So it becomes obvious, that all important people on their golden routes or channels are their henchmen.

    Pakistani army has lost all sumptuous wars against our neighbours and as well as the honour in the eyes of the poverty and debt ridden Pakistani people. Who knows how many of them, like the police and customs, are the employees of this drug cartel? And these Talibans are merely the front line pawns of this drug cartel!

    Recommend

  • Aik Paki
    Jul 10, 2013 - 9:33PM

    Shame on Express Tribune who get directed articles from Indian Express. Are you also getting also funds from other countries to plant news? Please clarify Express tribune otherwise people like myself will not trust your genuine news/articles.

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  • Sceptic
    Jul 10, 2013 - 9:39PM

    It’s never too late to realize your own mistakes and ERADICATE them!!
    Go Pak Army!! and Kick the beasts where it hits hardest. We, the Nation, are behind you!

    Recommend

  • Muneeb
    Jul 10, 2013 - 9:42PM

    @Waqas, spot on buddy!

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  • Basit
    Jul 11, 2013 - 1:31AM

    This article is from Reuters. I don’t know why Indian Express is being credited by some when they also sourced it from Reuters. It was written by Frank Jack Daniel.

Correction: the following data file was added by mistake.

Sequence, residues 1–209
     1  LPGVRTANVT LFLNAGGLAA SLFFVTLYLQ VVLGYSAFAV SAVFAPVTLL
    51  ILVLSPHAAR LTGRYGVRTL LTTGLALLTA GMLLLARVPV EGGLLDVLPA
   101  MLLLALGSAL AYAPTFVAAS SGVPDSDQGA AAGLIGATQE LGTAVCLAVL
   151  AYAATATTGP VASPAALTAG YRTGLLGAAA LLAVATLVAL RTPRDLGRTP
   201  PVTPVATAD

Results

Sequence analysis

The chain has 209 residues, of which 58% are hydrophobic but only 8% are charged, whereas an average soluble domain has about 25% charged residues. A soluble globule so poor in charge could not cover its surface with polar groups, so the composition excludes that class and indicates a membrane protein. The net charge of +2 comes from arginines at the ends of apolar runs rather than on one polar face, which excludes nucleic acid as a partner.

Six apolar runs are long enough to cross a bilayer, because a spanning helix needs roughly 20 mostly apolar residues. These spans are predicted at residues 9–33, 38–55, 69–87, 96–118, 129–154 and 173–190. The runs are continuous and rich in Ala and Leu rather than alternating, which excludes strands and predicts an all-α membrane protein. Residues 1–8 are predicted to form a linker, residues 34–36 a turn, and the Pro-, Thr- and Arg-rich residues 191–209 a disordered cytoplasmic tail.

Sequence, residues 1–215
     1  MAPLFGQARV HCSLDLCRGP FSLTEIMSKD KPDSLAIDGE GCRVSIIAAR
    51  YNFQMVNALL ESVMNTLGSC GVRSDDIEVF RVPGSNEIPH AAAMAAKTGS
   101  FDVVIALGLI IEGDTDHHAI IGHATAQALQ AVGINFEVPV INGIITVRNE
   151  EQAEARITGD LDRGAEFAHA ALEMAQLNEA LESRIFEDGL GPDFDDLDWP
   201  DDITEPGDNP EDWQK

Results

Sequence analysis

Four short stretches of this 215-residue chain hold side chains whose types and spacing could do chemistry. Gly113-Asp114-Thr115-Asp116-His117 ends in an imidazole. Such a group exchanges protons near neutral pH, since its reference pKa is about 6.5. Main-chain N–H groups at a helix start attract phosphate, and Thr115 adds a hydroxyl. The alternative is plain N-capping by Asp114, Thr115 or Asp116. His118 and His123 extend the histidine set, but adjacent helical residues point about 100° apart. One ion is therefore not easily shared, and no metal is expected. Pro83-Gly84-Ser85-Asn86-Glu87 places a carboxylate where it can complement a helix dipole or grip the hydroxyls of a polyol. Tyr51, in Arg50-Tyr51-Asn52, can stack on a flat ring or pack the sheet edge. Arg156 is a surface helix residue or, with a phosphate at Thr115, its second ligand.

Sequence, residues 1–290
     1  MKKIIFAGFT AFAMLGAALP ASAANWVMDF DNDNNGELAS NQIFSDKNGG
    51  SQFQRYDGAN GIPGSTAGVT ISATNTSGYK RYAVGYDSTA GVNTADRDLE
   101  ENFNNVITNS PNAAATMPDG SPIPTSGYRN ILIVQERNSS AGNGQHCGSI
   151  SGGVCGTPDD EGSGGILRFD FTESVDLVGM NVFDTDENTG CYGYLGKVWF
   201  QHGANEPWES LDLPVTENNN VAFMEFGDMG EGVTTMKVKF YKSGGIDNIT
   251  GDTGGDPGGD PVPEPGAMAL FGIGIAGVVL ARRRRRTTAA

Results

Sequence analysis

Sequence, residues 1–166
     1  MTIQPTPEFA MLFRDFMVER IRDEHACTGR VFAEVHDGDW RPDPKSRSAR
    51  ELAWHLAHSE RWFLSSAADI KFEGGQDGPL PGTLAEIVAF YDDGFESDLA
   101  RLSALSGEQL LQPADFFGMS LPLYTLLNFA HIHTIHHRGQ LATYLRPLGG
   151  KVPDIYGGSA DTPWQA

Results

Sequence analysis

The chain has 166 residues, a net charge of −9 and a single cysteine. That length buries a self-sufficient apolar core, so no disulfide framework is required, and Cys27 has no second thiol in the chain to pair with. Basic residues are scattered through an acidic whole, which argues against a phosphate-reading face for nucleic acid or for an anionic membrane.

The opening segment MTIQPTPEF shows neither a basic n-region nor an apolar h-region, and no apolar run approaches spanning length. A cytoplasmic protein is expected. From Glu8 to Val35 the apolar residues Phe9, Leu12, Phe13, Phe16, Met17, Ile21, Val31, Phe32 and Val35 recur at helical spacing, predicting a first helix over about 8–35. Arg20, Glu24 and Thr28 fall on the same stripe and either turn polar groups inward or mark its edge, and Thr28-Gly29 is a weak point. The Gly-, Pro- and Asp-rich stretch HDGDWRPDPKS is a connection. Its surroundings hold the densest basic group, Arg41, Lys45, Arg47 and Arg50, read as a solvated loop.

Recommend

  • Nadeem
    Jul 11, 2013 - 2:43AM

    Afgan taliban and the ttp are two seperate groups, the afgan taliban have no issue with the pakistani state, there war is with america and nato who are occupying there country, the ttp’s war is with the pakistani state who are backed by cia, raw and mossad to destabalize pakistan.

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  • Unbelievable
    Jul 11, 2013 - 4:55AM

    @Aik Paki.

    Shame on Express Tribune who get
    directed articles from Indian Express.
    Are you also getting also funds from
    other countries to plant news? Please
    clarify Express tribune otherwise
    people like myself will not trust your
    genuine news/articles.

    It’s a Reuters article so any news outlet that subscribes to Reuters can print the article – has zip to do with India or any other conspiracy nonsense.

    Recommend

  • numbersnumbers
    Jul 11, 2013 - 8:23AM

    @Nadeem:
    And of course you can provide us with credible references that support your comment that TTP is backed by CIA, RAW and Mossad!!! NOT!

    Recommend

  • Moved On
    Jul 11, 2013 - 10:08AM

    @Nadeem:
    man…you will have to come out of your insecurities… there is absolutely no evidence of ttp being backed by cia, raw or mossad…we may still believe cia or mossad might be involved remotely, but raw??? is raw even competent enough to be helping the ttp without leaving behind any evidence of it?? not at all…ttp is a pakistan generated problem…there are sympathizers of such organisations within pakistan…its important to flush them out before raising fingers on others.

    Recommend